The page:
UNREST IN ETHIOPIA RESULTS IN DEATHS AND ARRESTS

UNREST IN ETHIOPIA RESULTS IN DEATHS AND ARRESTS

Source: Brookings Education

Unrest
People gather to protest against the treatment of Ethiopia’s ethnic Oromo group, outside Downing Street in London, Britain, July 3, 2020. REUTERS/Simon Dawson

Over the past two weeks in Ethiopia, at least 239 have been killed and 3,500 arrested in unrest following the murder of popular musician and activist Hachalu Hundessa on June 29. It is as yet unknown why Hachalu, who was prominent in anti-government protests that led current Prime Minister Abiy Ahmed to power in 2018, was murdered.

Violence primarily took place in Oromia region, where 215 civilians, nine police officers, and five militia members were killed, and in Addis Ababa, where 10 were killed. Among those arrested was Jawar Mohammed, a well-known Oromo activist and opposition politician; Human Rights Watch has warned that the arrest of opposition figures “could make a volatile situation even worse.”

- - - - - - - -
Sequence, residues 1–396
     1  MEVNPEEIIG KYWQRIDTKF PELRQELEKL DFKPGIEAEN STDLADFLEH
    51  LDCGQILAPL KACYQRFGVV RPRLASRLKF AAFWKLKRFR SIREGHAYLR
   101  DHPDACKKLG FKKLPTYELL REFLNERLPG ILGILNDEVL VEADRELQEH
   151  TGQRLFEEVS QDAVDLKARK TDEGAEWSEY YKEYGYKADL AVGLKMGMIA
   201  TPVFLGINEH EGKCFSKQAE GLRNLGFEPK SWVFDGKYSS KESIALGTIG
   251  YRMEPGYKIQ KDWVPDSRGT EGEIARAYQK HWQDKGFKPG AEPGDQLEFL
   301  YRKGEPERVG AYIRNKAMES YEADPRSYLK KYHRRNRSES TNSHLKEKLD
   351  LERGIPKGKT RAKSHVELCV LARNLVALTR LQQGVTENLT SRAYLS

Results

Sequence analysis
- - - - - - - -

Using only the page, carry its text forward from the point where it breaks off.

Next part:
Abiy responded to the violence by deploying police and military forces and blocking access to the internet across the country. Abiy has also stated that the unrest will not derail plans to start filling the Grand Ethiopian Renaissance Dam this month. These plans have angered Egypt and Sudan, who argue that the dam, located on the Blue Nile River, will limit their countries’ access to an important source of fresh water.

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